Bob Thompson

American, 1937–1966

Tancredi et Erminia, 1965

Oil on canvas

48 x 60 inches

Signed and dated lower left; signed twice,

dated and titled on the verso

Exposed to the Fauves and German Expressionism through teachers at the University of Louisville, Thompson expanded his field of influences in the summer of 1958, when he was introduced to the figurative work of Red Grooms and Jan Muller in Provincetown, Massachusetts, and was encouraged by Muller’s wife to study the Old Masters. Throughout his oeuvre one can see the influence of Piero della Francesca, Poussin, Titian, Bosch, and Goya.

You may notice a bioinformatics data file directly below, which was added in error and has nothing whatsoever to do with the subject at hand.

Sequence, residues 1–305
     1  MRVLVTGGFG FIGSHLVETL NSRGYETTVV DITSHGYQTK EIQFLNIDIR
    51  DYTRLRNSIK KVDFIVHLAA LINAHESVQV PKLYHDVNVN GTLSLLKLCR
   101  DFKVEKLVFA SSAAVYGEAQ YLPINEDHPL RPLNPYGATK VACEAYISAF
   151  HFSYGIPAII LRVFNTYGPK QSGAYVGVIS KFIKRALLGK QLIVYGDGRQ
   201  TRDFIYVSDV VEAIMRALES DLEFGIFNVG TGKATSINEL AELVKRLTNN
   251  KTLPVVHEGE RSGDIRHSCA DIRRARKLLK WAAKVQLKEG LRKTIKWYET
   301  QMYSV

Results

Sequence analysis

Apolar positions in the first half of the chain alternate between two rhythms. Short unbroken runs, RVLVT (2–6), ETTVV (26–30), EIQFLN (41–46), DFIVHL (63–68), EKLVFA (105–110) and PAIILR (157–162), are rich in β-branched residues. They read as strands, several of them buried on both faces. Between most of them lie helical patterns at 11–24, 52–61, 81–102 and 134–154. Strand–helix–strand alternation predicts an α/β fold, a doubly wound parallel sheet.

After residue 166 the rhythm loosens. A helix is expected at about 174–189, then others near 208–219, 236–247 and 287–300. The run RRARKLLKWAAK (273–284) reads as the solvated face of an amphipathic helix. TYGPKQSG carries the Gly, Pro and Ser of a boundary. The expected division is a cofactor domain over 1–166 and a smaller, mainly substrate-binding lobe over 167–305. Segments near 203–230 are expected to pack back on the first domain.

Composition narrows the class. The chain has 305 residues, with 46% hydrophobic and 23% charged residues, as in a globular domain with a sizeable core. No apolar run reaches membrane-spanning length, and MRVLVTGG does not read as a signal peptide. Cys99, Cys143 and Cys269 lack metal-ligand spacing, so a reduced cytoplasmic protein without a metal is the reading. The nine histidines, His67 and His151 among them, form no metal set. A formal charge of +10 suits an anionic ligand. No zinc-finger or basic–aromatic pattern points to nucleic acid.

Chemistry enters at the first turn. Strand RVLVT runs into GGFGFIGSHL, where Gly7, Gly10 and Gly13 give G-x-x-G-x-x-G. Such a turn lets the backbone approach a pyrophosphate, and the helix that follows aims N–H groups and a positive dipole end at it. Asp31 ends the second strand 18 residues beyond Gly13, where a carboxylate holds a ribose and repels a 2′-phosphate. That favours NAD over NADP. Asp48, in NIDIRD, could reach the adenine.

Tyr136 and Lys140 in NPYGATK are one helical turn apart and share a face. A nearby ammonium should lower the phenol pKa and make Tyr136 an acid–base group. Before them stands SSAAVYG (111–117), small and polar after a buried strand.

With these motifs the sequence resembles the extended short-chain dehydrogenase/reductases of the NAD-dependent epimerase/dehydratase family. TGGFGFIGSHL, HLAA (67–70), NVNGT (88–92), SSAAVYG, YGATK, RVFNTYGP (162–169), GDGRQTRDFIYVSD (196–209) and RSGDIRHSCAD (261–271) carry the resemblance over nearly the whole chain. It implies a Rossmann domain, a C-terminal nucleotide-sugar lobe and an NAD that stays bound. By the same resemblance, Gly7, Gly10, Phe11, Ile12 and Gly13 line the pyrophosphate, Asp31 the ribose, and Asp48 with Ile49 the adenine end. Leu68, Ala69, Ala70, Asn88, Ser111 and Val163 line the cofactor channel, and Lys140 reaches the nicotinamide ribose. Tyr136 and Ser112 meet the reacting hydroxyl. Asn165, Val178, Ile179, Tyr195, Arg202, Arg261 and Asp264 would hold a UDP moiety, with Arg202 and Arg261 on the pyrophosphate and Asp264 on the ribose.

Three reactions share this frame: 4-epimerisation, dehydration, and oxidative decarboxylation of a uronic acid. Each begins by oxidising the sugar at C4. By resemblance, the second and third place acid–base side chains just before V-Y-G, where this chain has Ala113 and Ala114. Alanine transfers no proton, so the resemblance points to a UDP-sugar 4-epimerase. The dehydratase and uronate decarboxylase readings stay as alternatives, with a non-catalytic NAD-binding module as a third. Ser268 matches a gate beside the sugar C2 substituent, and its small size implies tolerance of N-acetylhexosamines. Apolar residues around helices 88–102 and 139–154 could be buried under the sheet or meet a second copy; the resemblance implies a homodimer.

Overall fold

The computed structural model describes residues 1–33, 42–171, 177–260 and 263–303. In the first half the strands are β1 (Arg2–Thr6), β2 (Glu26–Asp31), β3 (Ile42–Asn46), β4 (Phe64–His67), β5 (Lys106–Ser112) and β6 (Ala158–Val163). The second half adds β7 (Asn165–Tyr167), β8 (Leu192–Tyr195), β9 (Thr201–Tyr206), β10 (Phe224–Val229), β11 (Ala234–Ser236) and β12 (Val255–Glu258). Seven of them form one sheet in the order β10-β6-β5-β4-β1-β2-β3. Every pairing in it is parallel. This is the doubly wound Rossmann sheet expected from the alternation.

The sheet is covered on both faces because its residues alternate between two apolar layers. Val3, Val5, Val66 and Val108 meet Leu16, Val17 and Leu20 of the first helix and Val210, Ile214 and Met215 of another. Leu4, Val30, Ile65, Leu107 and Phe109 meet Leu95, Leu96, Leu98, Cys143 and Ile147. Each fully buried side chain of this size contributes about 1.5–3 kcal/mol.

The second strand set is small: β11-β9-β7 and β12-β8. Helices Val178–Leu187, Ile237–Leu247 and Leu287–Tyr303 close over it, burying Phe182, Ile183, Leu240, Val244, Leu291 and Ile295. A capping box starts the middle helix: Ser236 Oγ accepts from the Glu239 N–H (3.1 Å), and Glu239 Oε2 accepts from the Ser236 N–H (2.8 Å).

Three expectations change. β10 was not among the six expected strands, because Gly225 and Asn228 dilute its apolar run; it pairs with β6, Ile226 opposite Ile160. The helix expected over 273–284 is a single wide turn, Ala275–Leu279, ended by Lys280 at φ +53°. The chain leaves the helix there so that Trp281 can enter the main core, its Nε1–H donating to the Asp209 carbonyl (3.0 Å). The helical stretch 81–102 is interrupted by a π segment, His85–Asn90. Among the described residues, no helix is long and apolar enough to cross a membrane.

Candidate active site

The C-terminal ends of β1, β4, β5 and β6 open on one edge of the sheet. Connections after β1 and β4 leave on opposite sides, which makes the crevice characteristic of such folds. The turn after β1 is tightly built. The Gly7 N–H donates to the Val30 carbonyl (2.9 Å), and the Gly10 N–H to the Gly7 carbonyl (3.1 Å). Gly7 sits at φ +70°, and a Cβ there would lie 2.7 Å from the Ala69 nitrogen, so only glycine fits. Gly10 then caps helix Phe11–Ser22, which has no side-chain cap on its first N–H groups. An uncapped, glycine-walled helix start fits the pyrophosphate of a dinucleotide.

Unlike most African American artists, Thompson’s narratives did not flow from the black experience. Tancredi et Erminia is based on the historical figure Tancred, who was appointed regent of Antioch in 1100 AD and who subsequently became a popular character in poems, plays, operas, and paintings. Thompson’s painting features two of his signature images: women and horses. He appears to rhyme the elegant contours of the horses with the curves of human figures to create compositional harmony. Even if the viewer is unfamiliar with Erminia’s plight of unrequited love, Thompson’s handling of color communicates the drama of the scene.